Monty Python’s Spamalot Review: Radical!

“We’re knights of the Round Table, we dance whene’er we’re able. We do routines and chorus scenes with footwork impec-cable, We dine well here in Camelot, we eat ham and jam and Spam a lot!”

~ Knights of Camelot

This is the story of how I got to hear the above lines sung, in person, from a stage; and in the process, I learned that sometimes the Universe itself seems to know what you want even before you do.

You see, the more I recount my West Coast journey, the more I notice how opportunities came to me in waves. I would ride a wave of possibilities, pursuing the ones that interested me, and then experience a period of relative uneventfulness. This was very helpful because it allowed me to recharge for another wave of exploration. And my time in the Bay Area of California was no different.

I had just come off of a very long day of exploring San Francisco on foot (which included Coit Tower, Lombard Street, and Fort Point, among other things); and then, just a single day later, another incredible opportunity presented itself, the photographic proof of which is below.

But let’s rewind a few days back.

A “Blue Sky” Question

Out of the blue one day, my host asked me if I liked Monty Python. I told her Yes. I had enjoyed the Monty Python movies immensely, especially the first one “Monty Python and the Holy Grail” (which has now attained legendary status among most movie fans). And then my host told me something that made my eyes widen in excitement: she was going to a play called “Spamalot” that was based on “The Holy Grail” movie that I’d loved, and she had a couple extra tickets. Well, I couldn’t believe my luck, and I instantly knew that I had the Travel Magic once again.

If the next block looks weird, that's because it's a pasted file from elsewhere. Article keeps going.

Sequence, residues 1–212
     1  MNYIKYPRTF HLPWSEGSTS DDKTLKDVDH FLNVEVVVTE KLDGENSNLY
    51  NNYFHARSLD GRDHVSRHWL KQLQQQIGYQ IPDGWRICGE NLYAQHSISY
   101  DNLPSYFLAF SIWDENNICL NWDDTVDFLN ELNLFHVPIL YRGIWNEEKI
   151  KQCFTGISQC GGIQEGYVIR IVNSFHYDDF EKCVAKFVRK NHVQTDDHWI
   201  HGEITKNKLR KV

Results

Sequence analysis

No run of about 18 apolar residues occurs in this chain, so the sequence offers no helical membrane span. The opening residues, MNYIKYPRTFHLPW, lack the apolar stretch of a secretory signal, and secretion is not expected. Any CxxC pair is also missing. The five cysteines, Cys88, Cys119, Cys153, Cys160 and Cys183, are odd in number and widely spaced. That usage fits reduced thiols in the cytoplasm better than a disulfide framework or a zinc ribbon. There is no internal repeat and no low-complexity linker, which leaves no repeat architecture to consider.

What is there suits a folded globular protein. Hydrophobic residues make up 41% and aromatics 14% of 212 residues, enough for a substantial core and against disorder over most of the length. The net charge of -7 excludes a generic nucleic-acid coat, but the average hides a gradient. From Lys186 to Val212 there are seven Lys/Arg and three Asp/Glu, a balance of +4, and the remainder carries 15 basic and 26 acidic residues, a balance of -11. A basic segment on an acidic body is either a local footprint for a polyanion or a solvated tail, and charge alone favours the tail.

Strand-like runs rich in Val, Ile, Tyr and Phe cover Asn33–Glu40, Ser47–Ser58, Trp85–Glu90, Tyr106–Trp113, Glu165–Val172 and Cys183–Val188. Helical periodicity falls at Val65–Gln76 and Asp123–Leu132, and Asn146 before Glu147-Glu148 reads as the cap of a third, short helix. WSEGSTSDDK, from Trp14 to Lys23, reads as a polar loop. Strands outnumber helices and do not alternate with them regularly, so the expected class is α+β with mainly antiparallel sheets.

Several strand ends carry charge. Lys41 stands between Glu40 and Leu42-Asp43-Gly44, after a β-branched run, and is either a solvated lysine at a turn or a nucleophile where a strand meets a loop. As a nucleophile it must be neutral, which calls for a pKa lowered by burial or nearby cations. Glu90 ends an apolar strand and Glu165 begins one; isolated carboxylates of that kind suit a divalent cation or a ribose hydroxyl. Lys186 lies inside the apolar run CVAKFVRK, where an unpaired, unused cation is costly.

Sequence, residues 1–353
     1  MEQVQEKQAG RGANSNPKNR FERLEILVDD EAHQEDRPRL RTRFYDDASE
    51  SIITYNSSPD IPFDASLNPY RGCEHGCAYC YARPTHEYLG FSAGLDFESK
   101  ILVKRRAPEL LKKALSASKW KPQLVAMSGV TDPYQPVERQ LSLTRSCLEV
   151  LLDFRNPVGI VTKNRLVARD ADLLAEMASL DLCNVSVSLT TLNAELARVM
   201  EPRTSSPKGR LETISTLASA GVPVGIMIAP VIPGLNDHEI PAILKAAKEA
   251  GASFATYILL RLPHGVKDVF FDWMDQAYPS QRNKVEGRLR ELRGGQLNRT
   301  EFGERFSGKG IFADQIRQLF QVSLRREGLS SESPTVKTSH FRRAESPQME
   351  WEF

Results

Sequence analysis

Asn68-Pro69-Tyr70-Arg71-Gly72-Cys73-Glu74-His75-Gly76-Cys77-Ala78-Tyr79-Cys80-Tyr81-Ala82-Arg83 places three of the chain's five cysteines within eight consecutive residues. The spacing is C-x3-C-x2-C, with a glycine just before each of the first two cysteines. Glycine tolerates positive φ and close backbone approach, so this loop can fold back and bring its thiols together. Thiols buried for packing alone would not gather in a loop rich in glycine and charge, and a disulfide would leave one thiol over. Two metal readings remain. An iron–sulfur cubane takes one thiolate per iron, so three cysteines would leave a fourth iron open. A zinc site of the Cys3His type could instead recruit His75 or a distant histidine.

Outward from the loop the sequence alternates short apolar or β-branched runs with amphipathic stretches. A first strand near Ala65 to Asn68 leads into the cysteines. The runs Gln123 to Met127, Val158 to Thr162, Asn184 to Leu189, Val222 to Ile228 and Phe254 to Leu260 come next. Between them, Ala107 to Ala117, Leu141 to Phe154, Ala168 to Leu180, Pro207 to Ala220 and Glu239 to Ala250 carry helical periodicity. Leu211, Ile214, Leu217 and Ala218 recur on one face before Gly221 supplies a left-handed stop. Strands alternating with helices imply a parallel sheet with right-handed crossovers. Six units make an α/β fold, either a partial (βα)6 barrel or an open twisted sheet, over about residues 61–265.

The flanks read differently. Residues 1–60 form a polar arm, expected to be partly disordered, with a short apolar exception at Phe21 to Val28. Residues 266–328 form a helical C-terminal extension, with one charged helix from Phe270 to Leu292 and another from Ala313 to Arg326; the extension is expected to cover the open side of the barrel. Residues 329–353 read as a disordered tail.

Even though I hadn’t heard of Spamalot before, I gratefully accepted her generous offer. If it was anything like “Monty Python and the Holy Grail”, it would be hilarious.

So that night, the three of us (her, myself, and a friend of hers) drove over to the San Jose Theater. I hadn’t been there before, but I was struck at how ornate it was. Then, carefully, we shuffled into our seats and the lights soon went low.

Two Hours? What Two Hours?

For the next two hours, we proceeded to laugh until we cried. Even though Spamalot diverges quite a bit from the original movie’s plot, it diverges in the most hilarious ways. At one point, they even called for a volunteer from the audience who was taken up on stage and played a small role in the 3rd act!

Overall, the play was extremely clever and included songs that, thankfully, didn’t bring the plot to a screeching halt (which is usually my prime criticism of musicals). Oh, did I forget to mention that Spamalot is a musical? And probably in my top 3 favorite musicals of all time now.

And even though it is extremely challenging to photograph a play without a tripod (because of the dark environment), some of the photos turned out good enough that I’ve decided to share them below. (Just keep in mind that these are not taken in ideal circumstances or with an ideal camera. My better camera was still damaged at the time.) At any rate, I’ve included four of the photos below, each linking to the gallery if you’d like to see larger versions.

To sum up, it was an extremely enjoyable show, and it made two hours just fly by. If you have the chance to see it, I wholeheartedly recommend it.

The lesson? That day I realized that sometimes the Universe itself seems to know what you want even before you do, bringing you compatible opportunities to you in ways you can’t imagine. You just have to be open to it. 🙂


Bring out your dead!

Audience Participation Onstage

The Cast bowing

The End (Finale Pose)

Continue the Journey

When was the last time you saw a thousand years in a single glance? Have you ever seen how a dying relic can bring new life? When I met the tallest species of trees in the world up close in a primeval redwood forest, I experienced both of these and much more:

See what happened next →

All photos from this event are in the Monty Python’s Spamalot photo gallery. All photos in the Byteful Gallery are under a Creative Commons license. With so much free content on Byteful Travel, why not tell a friend?